Going out on your own is far deadlier than having no skills. All the skills in the world won’t save you if you are bitten by a snake, take a bad fall, or suffer unexpected health issues and you have nobody around to dash for help.

Grimm 11:42 am 23 Oct 15

HenryBG said :

Your biggest danger is hypothermia. Even if you want to walk in shorts and Tshirt, always take extra layers just in case.
And shorts are a terrible idea anyway – the guy with the gaiters has the right idea.

It’s always a risk, especially in the mountains where the temp drops pretty low at night even in summer. You get stuck, you get wet and if you can’t make fire, you’re screwed. Spare, dry clothes are a very smart idea. As is something like light, plastic/nylon rain gear. I have a jacket and pants that pack down to the size of an average travel coffee mug and weigh a couple of hundred grams combined. Not exactly expensive either.

My best advice to people is, if you have no REAL survival skills, don’t go out alone, and stick to the marked trails.

Your PLB won’t help you if you get bitten by a brown, a tiger or an alpine copperhead. You’re likely to be dead before anybody finds you, so prevention is a much better bet. The snakes you can see aren’t the ones you have to worry about.

A PLB is great if you are out alone and break a leg/ankle or are otherwise immobilised. Or if you are lost, but that wouldn’t be an issue if you had any navigation skills, so you should have stuck to the bloody marked trail you had no business leaving. If you can’t read a map, use a compass and use features of the land to determine your location effectively, or you don’t have a GPS, use some common sense and stay on the marked trail.

Also, better to have it and not need it, than need it and not have it. First aid kit, small tarp or space blanket, dry clothes, rain gear, plenty of food and water and a knife. Those things should always be in your pack at a minimum.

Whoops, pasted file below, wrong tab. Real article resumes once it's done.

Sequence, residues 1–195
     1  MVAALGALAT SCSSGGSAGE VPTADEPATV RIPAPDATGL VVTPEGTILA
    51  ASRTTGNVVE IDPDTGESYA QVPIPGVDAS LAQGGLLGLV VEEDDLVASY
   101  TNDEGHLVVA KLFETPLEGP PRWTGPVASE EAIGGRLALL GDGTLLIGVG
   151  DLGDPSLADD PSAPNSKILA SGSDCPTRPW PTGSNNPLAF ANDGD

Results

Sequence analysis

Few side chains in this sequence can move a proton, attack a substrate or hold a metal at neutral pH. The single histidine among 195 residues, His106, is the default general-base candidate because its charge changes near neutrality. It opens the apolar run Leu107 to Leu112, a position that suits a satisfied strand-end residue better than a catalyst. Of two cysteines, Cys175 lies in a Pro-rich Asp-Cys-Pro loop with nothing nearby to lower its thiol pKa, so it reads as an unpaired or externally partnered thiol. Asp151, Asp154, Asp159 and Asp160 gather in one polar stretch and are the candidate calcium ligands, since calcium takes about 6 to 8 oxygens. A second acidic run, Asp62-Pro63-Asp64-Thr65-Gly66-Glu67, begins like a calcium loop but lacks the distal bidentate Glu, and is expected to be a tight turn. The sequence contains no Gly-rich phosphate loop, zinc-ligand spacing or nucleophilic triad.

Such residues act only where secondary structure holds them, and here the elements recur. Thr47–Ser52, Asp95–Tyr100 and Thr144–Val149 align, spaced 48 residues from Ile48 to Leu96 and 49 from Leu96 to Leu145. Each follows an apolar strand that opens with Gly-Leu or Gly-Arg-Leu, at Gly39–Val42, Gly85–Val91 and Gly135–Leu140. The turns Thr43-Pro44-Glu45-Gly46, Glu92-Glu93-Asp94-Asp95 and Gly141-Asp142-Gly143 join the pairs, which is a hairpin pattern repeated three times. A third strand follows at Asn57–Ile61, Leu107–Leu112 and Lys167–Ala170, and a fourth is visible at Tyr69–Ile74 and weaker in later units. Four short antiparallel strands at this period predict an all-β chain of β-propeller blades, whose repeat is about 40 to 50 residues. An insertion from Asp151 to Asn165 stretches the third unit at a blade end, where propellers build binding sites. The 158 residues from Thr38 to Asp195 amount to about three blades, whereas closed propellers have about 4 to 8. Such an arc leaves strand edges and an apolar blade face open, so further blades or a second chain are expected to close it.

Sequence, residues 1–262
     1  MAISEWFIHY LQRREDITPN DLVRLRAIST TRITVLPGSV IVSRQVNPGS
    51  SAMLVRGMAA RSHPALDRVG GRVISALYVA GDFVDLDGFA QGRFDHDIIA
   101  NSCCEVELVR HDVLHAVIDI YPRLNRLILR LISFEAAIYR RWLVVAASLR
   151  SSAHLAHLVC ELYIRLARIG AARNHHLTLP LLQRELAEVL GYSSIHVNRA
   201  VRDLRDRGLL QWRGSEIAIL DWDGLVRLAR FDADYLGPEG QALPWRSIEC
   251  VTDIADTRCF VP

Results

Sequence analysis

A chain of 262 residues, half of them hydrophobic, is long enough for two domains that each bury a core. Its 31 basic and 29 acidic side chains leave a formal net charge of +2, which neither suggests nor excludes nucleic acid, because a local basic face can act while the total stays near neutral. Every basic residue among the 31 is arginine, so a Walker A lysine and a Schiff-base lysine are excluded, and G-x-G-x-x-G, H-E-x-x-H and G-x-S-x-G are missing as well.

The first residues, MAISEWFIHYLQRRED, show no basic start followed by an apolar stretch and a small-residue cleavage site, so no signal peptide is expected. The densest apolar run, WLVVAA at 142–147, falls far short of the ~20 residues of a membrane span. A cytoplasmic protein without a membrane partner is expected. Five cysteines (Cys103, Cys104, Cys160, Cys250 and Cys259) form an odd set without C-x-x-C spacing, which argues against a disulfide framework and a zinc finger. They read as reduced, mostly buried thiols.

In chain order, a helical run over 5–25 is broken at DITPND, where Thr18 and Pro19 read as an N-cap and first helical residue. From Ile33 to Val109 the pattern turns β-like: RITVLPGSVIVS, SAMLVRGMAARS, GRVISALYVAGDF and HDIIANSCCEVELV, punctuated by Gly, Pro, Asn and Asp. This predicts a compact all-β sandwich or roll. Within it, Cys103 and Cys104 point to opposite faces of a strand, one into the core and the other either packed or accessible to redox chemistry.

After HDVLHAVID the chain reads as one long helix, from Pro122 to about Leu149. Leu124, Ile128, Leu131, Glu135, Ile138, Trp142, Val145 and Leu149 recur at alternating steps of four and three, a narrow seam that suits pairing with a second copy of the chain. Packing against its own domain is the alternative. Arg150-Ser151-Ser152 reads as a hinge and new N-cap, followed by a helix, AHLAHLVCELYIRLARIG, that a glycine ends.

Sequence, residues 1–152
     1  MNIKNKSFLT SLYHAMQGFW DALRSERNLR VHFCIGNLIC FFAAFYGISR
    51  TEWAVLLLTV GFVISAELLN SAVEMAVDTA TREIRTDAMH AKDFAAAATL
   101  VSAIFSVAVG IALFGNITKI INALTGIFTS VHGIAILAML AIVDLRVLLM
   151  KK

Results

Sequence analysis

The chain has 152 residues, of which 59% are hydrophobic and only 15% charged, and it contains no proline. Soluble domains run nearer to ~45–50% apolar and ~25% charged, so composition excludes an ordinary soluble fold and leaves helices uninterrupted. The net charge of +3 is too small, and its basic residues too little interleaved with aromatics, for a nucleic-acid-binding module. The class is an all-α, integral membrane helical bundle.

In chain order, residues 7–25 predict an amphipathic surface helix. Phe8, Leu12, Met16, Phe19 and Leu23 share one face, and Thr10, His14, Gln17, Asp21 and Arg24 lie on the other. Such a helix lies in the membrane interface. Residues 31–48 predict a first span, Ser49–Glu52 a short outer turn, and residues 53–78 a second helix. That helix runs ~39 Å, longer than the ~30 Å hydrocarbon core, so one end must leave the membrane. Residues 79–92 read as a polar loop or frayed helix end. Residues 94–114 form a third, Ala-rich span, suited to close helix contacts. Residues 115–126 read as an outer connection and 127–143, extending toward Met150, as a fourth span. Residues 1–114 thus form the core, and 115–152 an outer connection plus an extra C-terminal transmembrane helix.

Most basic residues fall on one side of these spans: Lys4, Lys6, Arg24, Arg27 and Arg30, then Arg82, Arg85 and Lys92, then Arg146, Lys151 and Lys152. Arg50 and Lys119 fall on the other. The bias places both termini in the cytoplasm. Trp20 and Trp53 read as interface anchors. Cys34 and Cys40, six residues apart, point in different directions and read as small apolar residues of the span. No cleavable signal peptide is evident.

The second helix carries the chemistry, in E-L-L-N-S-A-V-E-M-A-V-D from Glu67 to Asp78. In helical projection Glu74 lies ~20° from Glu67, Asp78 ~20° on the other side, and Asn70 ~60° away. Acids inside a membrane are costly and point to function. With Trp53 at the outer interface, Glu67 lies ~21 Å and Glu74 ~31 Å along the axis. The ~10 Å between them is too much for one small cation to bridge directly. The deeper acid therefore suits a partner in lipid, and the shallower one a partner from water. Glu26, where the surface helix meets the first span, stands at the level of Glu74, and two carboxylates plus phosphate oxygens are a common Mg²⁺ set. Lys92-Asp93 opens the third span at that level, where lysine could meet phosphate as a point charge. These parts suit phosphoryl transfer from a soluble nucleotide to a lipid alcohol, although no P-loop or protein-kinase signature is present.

Probably a bit much for something like the tracks through Tidbinbilla or places like that though. I don’t know how you’d possibly get lost out there, or not see other people.

rosscoact 2:43 pm 22 Oct 15

blandone said :

Seriously, it’s “Walking”. Even the sign in the photo says walking, enough with the hiking already.

Unless you want to buy any sort of gear for that activity, then it’s hiking

Ezy 2:31 pm 22 Oct 15

blandone said :

Seriously, it’s “Walking”. Even the sign in the photo says walking, enough with the hiking already.

Take a hike mate.

HenryBG 2:05 pm 22 Oct 15

Your biggest danger is hypothermia. Even if you want to walk in shorts and Tshirt, always take extra layers just in case.
And shorts are a terrible idea anyway – the guy with the gaiters has the right idea.

Kim F 12:44 pm 22 Oct 15

I carry an PLB. One should never expect or rely on mobile phone coverage but it is worth noting that there may be some locations that will be out of range of your Telco but may be in range of another Telco. If you dial 000 or 112, your phone will connect to the strongest available network.

blandone 11:12 am 22 Oct 15

Seriously, it’s “Walking”. Even the sign in the photo says walking, enough with the hiking already.

Grimm 10:27 am 22 Oct 15

While a GPS PLB isn’t a bad idea, people should be aware that it can take up to 5 hours for the alert to be raised, unless you have LOS to one of the geostationary satellites. Not ideal if for instance you get hit by a snake.

Snakeproof gaiters. Seriously. They have saved my arse on more than one occasion. I really think if you are trudging around the bush in summer without them, you are mad.

Southmouth 10:20 am 22 Oct 15

I take one of those cheap blue tarps (small) and some 4mm nylon rope so i can quickly get out of the rain, and it weighs next to nothing.

I agree a PLB is a must. If you get bitten by a brown snake or funnelweb then it is really the only chance you’ve got if there is no mobile coverage. It’s the “unlikely” events that’ll kill you.